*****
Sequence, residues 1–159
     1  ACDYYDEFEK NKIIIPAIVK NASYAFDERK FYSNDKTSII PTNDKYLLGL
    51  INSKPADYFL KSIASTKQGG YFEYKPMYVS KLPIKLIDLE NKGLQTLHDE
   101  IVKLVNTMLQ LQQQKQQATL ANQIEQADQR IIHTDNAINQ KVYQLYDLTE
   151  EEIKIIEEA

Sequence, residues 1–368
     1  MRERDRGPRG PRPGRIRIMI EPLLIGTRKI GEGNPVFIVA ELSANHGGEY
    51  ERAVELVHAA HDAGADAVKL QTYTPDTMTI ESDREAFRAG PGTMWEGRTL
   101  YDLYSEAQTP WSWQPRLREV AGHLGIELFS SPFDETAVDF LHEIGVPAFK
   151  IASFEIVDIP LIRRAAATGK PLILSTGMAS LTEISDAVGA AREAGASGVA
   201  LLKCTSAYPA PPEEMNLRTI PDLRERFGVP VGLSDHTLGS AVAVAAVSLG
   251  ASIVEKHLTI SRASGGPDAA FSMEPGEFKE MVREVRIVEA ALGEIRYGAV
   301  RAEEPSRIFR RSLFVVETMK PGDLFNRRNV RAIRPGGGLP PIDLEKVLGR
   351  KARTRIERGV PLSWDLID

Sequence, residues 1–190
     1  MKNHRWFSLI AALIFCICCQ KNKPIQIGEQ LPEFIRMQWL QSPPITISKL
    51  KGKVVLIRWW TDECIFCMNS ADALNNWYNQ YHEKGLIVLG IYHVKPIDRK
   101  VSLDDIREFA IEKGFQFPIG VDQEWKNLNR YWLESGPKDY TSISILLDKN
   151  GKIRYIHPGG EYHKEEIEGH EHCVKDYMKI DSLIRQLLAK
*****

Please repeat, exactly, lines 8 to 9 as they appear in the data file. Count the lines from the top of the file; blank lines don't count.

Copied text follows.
    51  ERAVELVHAA HDAGADAVKL QTYTPDTMTI ESDREAFRAG PGTMWEGRTL
   101  YDLYSEAQTP WSWQPRLREV AGHLGIELFS SPFDETAVDF LHEIGVPAFK